These Are The Worst Stings In The World, According To A Guy Who's Experienced Them All

The Sting of the Wild/Johns Hopkins University Press

Danielle Andrew 29 Aug 2016, 23:54

Early in his career, Justin Schmidt realized he had a problem.

Schmidt, a budding entomologist, and his zoologist wife had just returned to the University of Georgia from a trip around the country.

They'd been collecting different species of harvester ants, "nasty stinging insects whose venom chemistry was unknown," as he describes them in his fascinating new book, "The Sting of the Wild."

To learn the details of the venom for his dissertation, they had to analyze incredibly large numbers of the creatures, which meant getting up close and personal with them.

Debbie, Schmidt's wife, describes her first harvester sting in the book as a "deep ripping and tearing pain, as if someone were reaching below the skin and ripping muscles and tendons; except the ripping continued with each crescendo of pain."

After collecting buckets of the creatures, the plan was to analyze them and compare the venoms from different specimens. To assess venom, Schmidt needed to evaluate both toxicity and pain. Toxicity was straightforward — already existing measures could be used. But there was no existing scale to measure the pain of insect stings.

Thus was born the "Schmidt Pain Scale for Stinging Insects." It was a four-point system, anchored by the well-known sting of a honey bee (rating a two), something people all over the world could be familiar with. To go up or down a full point, a sting had to be discernably more or less painful than the stings on another level. Half points could be used for pricks that fell somewhere between levels.

Over the years, Schmidt added new species to the list. He mostly didn't try to get stung. It just happened, more than 1,000 times, from at least 83 different species that have been evaluated on the index.

We've picked out insects that will illustrate the full scope of the scale, including a few that demonstrate the worst of the worst:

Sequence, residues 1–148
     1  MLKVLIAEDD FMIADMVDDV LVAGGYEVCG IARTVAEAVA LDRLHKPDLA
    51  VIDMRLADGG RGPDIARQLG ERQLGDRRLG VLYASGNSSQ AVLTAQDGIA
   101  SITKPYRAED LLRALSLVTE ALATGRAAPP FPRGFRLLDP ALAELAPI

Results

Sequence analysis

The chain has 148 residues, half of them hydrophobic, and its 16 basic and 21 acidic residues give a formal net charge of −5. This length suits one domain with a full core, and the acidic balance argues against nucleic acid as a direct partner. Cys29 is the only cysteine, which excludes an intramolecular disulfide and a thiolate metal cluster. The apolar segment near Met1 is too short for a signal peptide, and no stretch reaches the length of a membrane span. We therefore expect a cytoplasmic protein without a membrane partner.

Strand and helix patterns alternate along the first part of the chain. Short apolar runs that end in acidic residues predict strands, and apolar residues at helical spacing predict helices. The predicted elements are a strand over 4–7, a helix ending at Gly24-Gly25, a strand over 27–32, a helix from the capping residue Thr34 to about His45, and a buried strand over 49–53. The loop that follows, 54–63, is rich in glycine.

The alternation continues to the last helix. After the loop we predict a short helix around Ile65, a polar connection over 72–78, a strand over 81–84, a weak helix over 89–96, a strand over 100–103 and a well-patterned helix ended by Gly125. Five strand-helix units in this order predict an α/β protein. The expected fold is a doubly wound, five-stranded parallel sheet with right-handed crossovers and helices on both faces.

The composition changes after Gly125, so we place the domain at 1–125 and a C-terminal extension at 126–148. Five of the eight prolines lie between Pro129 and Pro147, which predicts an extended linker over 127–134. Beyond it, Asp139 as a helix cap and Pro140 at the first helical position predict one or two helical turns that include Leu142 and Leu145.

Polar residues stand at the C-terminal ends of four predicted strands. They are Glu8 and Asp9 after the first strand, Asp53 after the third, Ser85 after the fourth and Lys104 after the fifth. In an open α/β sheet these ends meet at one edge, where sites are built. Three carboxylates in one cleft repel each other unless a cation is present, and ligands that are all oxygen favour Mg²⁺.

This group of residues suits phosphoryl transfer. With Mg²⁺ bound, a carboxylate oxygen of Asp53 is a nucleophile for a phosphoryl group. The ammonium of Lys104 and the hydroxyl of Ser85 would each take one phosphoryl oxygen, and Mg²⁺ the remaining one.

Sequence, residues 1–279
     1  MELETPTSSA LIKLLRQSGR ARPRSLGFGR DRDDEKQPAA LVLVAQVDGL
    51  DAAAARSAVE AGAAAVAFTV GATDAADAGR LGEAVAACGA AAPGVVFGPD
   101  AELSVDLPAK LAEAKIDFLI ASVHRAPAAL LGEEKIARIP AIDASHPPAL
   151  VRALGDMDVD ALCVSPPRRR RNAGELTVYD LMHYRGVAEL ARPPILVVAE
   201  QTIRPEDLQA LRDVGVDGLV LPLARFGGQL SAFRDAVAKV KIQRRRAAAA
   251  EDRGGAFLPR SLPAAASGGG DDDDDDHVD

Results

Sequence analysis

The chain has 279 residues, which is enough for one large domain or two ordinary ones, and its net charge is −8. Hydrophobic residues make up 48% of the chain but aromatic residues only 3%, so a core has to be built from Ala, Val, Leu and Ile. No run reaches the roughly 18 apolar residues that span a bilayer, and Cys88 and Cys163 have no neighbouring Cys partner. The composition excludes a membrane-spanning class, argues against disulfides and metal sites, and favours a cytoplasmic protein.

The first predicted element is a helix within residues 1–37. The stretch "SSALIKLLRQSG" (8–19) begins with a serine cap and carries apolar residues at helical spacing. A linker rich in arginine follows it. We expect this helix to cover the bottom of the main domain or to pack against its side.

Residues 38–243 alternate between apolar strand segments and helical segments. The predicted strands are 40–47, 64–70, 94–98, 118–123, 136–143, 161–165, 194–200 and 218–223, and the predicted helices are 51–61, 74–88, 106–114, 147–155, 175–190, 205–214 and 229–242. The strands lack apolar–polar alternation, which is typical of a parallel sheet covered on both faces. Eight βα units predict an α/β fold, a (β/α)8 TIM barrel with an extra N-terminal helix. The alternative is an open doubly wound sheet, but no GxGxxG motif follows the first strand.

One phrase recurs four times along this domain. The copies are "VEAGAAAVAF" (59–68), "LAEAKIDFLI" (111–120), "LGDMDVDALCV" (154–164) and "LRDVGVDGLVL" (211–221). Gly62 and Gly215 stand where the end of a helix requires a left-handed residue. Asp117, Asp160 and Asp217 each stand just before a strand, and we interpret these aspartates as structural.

Red fire ant
Red fire ant
 
Public domain image by Alex Wild, produced by the University of Texas "Insects Unlocked" program.

Scientific name: Solenopsis invicta

Range: Native to South America

Description: "Sharp, sudden, mildly alarming. Like walking across a shag carpet and reaching for the light switch."

Pain level: 1

Western cicada killer
Western cicada killer
 
Two of them. The female, with the stinger, is below.Chuck Holliday/Wikimedia Commons

Scientific name: Sphecius grandis

Range: North America

Description: "Pain at first sight. Like poison oak, the more your rub, the worse it gets."

Pain level: 1.5

Western honey bee
Western honey bee
 

Scientific name: Apis mellifera

Range: Native to Africa and Europe

Description: "Burning, corrosive, but you can handle it. A flaming match head lands on your arm and is quenched first with lye and then sulfuric acid."

Pain level: 2

Fierce black polybia wasp

Velvet ant (technically a wasp)

Scientific name: Dasymutilla klugii

Range: North America

Description: "Explosive and long lasting, you sound insane as you scream. Hot oil from the deep frying spilling over your entire hand."

Pain level: 3

Velvet ant (technically a wasp)
 
Female velvet ants are wingless solitary wasps that are often colorful and seen in open areas during the summer. They range in size from small, as is this 6-mm Dasymutilla asteria, to huge, nearly 25-mm "cow killers " — the bigger they get, the worse the sting.Photo courtesy of Jillian Cowles/Johns Hopkins University Press

 

Florida harvester ant
Florida harvester ant
 
The massive-headed major workers are no more aggressive than the more common, regular workers but must come in handy for moving large objects and processing seeds.Bob Peterson/Flickr

Scientific name: Pogonomyrmex badius

Range: North America

Description: "Bold and unrelenting. Somebody is using a power drill to excavate your ingrown toenail."

Pain level: 3

Tarantula hawk
Tarantula hawk
 
A tarantula hawk dragging an envenomed tarantula.Julio.ospinao/Wikimedia Commons

Scientific name: Pepsis spp.

Range: North America, Central America, and South America

Description: "Blinding, fierce, shockingly electric. A running hair dryer has just been dropped into your bubble bath."

Pain level: 4

Bullet ant
 

Scientific name: Paraponera clavata

Range: Central America and South America

Description: "Pure, intense, brilliant pain. Like walking over a flaming charcoal with a 3-inch nail embedded in your heel."

Pain level: 4

Warrior (or armadillo) wasp
Warrior (or armadillo) wasp
 

Scientific name: Synoeca septentrionalis

Range: Central America and South America

Description: "Torture. You are chained in the flow of an active volcano. Why did I start this list?"

Pain level: 4

 

Read the original article on Tech Insider. Follow us on Facebook and Twitter. Copyright 2016.

Read next: Astronomers have detected an 'interesting' and possibly alien radio signal coming from a sun-like star

 
Comments

If you liked this story, you'll love these

This website uses cookies

This website uses cookies to improve user experience. By continuing to use our website you consent to all cookies in accordance with our cookie policy.